Archive for the ‘Wimbledon’ Category


Rafa’s Back…

Sunday, July 4th, 2010

Today on Centre Court, The Raging Bull from Majorca was just too strong for the tricky 24 year old from the Czech Republic in this year’s Wimbledon final. Bjorn Borg predicted 4 sets to Berdych, Jonh McEnroe 4 sets to Rafa, but both turned out to be run; despite the fight of his life, Berdych went down in three sets to the returning champion.

Yes, he’s back. After a year blighted by injury and having to miss Wimbledon, Rafa looked completely back at home on the green grass of SW19. It hadn’t always looked that way; he dropped a number of sets before his final match, but as it got closer to his potential final appearance his game was back to impeccable Rafa standard. Like a key change in a cheesy boy band ballad, suddenly Nadal’s game had gone up a gear and the crowd were on their feet as the champion returned. His victory over home favourite Andy Murray was a strong omen for what was about to come.

Berdych was infallible as the game started; whatever nerves and shakes he had about appearing in his first Grand Slam final were invisible. Wimbledon isn’t your normal Grand Slam final either; the whole tortuous process of the long, long walk from the locker room, down the shining staircase into that glass-and-polished-wood lobby where the names of former champions look down on you. And then there’s crossing under that archway, emblazoned with the famous words from the poem ‘If’ by Rudyard Kipling, that embody the Wimbledon tournament: ‘If you can meet with triumph and di more »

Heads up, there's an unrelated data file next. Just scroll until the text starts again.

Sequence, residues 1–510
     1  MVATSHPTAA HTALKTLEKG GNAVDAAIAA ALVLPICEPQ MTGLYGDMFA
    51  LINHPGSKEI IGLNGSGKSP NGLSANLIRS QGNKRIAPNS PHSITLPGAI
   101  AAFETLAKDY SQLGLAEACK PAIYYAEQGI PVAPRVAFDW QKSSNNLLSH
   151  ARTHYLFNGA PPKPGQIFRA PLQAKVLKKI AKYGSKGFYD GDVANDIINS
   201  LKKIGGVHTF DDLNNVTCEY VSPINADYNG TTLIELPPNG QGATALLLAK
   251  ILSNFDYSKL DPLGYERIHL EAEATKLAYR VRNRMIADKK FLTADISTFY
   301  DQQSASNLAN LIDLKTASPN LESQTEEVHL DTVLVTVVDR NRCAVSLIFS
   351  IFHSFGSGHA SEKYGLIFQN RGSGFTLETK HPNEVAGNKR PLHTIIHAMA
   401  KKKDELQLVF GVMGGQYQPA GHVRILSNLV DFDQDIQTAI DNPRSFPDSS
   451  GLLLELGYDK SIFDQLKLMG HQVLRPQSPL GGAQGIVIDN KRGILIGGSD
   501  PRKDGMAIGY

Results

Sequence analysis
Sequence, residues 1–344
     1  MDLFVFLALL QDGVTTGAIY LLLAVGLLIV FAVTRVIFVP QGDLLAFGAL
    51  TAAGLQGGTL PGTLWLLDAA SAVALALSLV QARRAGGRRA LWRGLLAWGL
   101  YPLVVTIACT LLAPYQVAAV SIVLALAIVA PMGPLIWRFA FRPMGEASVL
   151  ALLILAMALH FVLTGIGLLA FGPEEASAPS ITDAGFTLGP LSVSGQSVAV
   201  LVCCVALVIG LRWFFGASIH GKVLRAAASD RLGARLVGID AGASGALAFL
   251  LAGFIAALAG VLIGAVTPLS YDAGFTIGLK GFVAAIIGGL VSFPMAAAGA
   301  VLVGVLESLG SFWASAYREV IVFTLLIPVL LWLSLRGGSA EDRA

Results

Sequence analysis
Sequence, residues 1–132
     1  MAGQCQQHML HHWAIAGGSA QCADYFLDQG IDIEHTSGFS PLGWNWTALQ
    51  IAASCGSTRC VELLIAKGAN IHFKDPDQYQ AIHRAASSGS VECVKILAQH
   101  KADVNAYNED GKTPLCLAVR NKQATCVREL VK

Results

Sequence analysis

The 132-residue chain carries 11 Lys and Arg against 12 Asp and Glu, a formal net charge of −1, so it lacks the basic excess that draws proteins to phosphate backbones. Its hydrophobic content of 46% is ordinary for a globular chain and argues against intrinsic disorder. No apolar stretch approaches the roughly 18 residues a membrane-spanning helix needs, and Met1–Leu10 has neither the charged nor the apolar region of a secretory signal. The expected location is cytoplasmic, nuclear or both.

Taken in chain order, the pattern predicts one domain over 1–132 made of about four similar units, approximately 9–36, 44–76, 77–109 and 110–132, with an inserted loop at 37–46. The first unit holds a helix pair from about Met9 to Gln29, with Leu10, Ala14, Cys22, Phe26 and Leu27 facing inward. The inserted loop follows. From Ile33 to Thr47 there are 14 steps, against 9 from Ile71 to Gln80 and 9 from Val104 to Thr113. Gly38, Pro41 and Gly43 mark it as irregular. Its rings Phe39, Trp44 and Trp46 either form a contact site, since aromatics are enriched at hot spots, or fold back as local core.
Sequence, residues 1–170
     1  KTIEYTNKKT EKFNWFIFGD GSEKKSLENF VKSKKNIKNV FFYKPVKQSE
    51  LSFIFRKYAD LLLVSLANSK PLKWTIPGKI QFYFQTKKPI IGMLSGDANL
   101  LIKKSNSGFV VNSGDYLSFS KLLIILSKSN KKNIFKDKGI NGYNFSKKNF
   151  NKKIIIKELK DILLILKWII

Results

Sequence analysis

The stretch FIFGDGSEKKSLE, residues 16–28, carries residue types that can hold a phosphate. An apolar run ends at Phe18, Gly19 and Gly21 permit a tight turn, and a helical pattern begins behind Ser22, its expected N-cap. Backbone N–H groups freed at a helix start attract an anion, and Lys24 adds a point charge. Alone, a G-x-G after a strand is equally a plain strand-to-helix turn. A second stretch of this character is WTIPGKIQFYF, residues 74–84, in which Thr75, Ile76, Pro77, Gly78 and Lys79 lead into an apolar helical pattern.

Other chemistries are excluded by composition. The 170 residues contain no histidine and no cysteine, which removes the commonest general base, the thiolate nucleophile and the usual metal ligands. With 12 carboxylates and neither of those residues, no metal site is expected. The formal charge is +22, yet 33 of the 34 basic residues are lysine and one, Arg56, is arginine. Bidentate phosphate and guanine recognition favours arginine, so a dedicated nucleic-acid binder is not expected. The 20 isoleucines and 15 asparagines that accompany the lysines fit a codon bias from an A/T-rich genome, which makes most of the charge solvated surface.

Women’s Finals

Sunday, July 4th, 2010

Once again, Serena Williams made it clear why the Williams family are treated with such respect and awe when it comes to tennis. Out of the past 11 titles taken at Wimbledon in the women’s tournament, 9 of those have been won by a Williams sister. Now that is an impressive statistic.

The finals match against Zvonareva was over in just 66 minutes, but it was undoubtedly the biggest 66 minutes of the Russian’s life. She came a cropper at 6-3 6-2, but she battled in a way that certainly justified her place in the women’s final. She did good not to go with a lower score, managing to see off a break point to level 303 in the first set. Williams missed the second break point, but she took the next with some true Williams style.